training to staff, whether in traditional classroom settings or through other
means such as online training.

22 Crucially, it is important for the management of a company to “buy-
in” to adopting good data protection practices for the company. It is from
this starting point – the management level – that the company’s policies
and practices be formulated with data protection in mind. From there, such
good data protection policies and practices can permeate down to and be
adopted at the staff level of the company. The Commission agrees with the

Page 189

[2018] PDP Digest Re Furnituremart.sg 181

observation made by the Australian Information Commissioner and Privacy
Commissioner of Canada in the joint investigation into Ashley Madison:5

Having documented security policies and procedures is a basic organizational
security safeguard, particularly for an organization holding significant
amounts of personal information. Making informational policies and
practices explicit provides clarity about expectations to facilitate consistency,
and helps to avoid gaps in security coverage. It also sends key signals to
employees about the importance placed on information security.
Furthermore, such security policies and processes need to be updated and
reviewed based on the evolving threat landscape, which would be very
challenging if they are not formalized in some manner.

23 The above position also stresses the importance of having documented
policies, as mentioned at [14] above.

24 It is also important that management actively supervises employees
and takes responsibility for creating a culture of security-awareness. As
observed by the Hong Kong Privacy Commissioner for Personal Data:6

With sound security policies and procedures in place, there is no guarantee
that they will be followed. In this regard, supervision and monitoring of the
implementation of the procedures are important.

25 Similarly, in its investigation into Monarch Beauty Supply,7 the Office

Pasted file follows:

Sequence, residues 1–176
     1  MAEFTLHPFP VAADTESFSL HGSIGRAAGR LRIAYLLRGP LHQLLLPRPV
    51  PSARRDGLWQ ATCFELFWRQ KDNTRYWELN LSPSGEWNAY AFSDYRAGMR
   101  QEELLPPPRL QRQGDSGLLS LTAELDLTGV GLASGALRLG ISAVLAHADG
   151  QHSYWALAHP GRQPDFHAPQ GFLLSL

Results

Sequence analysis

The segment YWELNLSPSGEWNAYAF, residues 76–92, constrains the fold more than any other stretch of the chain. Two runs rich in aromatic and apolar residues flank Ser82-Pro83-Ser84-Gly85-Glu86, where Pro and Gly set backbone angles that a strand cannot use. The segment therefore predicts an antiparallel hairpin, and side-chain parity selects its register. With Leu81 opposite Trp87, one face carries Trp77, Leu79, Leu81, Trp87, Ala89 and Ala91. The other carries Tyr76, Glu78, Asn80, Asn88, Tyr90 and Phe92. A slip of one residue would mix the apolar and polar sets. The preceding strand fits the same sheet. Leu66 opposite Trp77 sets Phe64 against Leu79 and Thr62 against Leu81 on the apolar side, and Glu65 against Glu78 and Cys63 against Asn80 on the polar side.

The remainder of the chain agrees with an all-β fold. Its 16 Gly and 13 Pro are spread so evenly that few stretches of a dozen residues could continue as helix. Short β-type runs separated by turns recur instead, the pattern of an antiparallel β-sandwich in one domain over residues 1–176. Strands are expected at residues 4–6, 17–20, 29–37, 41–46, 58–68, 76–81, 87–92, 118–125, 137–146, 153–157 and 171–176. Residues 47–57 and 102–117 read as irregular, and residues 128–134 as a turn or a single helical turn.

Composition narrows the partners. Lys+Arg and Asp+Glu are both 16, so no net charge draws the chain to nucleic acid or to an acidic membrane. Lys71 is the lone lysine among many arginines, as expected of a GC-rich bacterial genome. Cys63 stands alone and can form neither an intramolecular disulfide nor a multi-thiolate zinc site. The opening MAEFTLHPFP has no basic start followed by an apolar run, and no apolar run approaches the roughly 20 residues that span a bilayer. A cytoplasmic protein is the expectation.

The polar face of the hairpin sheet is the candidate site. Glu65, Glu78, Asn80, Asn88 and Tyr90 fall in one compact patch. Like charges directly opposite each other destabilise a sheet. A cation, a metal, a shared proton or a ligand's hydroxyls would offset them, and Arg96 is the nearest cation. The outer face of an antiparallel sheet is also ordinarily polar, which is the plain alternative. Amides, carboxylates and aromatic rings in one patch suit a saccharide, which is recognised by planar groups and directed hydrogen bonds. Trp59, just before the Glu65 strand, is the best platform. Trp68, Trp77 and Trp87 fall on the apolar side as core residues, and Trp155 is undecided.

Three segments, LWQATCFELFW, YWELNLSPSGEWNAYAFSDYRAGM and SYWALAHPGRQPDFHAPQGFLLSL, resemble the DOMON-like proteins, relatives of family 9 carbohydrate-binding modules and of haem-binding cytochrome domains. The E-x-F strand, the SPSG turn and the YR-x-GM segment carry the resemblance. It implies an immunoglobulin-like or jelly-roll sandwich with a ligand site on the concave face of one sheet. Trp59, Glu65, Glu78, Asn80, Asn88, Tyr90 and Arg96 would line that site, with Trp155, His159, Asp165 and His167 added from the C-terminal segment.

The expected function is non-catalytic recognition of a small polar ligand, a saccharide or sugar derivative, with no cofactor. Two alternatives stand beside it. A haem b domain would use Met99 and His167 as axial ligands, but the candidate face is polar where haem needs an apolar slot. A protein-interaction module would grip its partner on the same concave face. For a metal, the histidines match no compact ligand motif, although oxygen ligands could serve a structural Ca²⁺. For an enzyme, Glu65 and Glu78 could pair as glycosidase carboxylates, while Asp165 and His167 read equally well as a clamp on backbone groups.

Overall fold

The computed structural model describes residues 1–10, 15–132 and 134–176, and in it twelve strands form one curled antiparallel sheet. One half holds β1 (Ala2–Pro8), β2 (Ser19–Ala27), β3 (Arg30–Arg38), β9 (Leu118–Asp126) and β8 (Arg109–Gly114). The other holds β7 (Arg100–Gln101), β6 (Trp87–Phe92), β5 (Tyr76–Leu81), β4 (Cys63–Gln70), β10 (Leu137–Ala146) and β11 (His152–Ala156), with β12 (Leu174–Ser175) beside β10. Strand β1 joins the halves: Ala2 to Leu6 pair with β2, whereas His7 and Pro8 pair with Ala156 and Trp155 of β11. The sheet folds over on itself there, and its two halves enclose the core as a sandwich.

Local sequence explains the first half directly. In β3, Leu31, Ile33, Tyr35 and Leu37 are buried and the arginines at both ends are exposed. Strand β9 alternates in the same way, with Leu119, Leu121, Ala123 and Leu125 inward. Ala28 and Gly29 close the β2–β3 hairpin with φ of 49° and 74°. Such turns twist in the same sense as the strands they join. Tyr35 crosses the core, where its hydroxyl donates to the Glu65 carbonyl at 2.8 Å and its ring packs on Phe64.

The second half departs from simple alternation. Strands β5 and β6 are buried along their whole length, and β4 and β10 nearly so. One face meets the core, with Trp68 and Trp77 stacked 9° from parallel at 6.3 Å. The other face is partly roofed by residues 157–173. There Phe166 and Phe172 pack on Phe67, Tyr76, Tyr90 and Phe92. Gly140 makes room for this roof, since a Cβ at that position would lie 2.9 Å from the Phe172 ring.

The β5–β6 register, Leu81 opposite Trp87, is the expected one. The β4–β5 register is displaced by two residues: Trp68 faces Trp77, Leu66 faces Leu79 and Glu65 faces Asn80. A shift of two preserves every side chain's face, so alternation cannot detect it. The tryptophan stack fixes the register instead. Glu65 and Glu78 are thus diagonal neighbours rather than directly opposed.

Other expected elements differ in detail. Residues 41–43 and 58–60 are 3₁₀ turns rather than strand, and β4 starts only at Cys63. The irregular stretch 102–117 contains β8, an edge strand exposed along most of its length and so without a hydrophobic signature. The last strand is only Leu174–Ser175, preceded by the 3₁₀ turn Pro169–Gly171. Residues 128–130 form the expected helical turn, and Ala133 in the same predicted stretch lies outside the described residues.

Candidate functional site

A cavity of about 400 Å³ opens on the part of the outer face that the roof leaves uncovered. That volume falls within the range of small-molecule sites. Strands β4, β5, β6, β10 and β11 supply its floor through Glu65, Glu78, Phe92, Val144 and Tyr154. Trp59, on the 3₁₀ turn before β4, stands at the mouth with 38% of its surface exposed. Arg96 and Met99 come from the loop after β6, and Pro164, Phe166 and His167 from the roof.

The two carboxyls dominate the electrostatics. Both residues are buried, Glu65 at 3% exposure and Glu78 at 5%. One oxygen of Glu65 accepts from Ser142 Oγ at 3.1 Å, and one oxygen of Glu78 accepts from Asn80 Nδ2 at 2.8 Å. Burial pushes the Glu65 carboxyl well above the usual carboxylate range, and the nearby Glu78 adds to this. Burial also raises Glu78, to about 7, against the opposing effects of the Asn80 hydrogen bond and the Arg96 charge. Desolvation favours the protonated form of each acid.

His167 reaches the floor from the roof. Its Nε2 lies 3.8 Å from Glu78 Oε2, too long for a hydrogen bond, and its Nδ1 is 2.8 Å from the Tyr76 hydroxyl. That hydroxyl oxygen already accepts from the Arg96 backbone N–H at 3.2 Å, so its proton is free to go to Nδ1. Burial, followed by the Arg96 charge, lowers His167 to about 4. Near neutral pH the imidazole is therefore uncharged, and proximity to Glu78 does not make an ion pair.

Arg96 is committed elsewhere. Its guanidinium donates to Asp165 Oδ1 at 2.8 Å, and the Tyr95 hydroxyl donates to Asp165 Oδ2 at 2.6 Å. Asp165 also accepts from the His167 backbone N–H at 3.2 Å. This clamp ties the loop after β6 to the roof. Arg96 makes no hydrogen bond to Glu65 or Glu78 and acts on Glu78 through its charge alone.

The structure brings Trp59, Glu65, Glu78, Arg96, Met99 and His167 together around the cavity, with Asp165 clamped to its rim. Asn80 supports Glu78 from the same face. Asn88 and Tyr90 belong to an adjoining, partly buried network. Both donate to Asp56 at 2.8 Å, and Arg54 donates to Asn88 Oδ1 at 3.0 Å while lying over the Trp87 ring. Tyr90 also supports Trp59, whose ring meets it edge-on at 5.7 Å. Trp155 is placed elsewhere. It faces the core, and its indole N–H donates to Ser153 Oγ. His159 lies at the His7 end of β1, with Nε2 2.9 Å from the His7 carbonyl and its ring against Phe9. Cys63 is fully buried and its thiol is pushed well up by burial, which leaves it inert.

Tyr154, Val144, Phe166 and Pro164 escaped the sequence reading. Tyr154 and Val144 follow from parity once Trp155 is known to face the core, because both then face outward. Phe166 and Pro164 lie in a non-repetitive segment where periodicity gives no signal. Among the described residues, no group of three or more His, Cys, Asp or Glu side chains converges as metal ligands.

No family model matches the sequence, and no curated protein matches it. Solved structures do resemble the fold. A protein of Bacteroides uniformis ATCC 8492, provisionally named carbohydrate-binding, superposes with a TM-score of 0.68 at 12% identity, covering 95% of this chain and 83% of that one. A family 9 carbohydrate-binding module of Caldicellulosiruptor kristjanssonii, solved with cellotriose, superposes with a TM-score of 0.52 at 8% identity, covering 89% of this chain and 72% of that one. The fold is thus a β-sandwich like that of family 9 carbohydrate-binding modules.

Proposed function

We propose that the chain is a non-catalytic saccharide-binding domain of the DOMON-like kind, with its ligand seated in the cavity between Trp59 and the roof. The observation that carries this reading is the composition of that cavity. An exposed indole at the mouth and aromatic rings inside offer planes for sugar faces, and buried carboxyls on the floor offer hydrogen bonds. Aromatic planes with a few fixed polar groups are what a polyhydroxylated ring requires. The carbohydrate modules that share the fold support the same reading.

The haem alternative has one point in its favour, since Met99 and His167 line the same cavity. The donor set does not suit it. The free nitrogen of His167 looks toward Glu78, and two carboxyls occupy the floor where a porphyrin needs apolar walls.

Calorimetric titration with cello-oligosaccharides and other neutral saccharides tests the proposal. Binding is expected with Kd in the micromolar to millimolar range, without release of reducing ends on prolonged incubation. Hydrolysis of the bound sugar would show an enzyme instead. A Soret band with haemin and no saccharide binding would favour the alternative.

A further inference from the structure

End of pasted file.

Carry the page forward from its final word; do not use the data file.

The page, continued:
of the Alberta Privacy Commissioner found that the Store Manager and
District Manager of the organisation had not been diligent, as they had
simply assumed that employees would shred documents containing
customers’ credit and debit card information, in line with the organisation’s
policies. However, as management had not provided sufficient instruction


5 PIPEDA Report of Findings #2016-005: Joint investigation of Ashley Madison by

the Privacy Commissioner of Canada and the Australian Privacy Commissioner/
Acting Australian Information Commissioner <https://www.priv.gc.ca/en/opc-
actions-and-decisions/investigations/investigations-into-businesses/2016/pipeda-
2016-005/> at [65].

6 Investigation Report: Hong Kong Police Force’s Repeated Loss of Documents
Containing Personal Data (R13 – 0407) <https://www.pcpd.org.hk/english/
enforcement/commissioners_findings/investigation_reports/files/R13_0407_e.pdf>
at [38].

7 Order P2006-IR-003: Monarch Beauty Supply [a division of Beauty
Systems Group (Canada) Inc] <https://www.oipc.ab.ca/media/127842/P2006-
003IR.pdf> at [40(2)].

Page 376

368 Case Summary [2018] PDP Digest

10 During the course of investigation, the Organisation was unable to
provide the Commission with the relevant information and documents,
such as the Bill Run log files, as the Organisation had the practice of
retaining documents for a period of only three months before destroying
them. In this case, the Organisation would have known or ought to have
known that the circumstances pertaining to the Bill Run may be material to
the investigation, given that in its notification to the Commission of the
data breach on 11 February 2016 (just three days after the data breach
incident), it was able to inform the Commission that the fault mainly lay
with a particularly large Bill Run. Once the Organisation became aware that
the circumstances surrounding the Bill Run may be a material fact or issue
in the investigation, it ought to have taken steps to preserve the relevant
information and documents as evidence.

11 Upon any party being aware that there may be information or
documents that may be relevant to the Commission’s investigations, it
ought to take steps to preserve the relevant information or documents
as evidence.

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MCI (P) 035/07/2018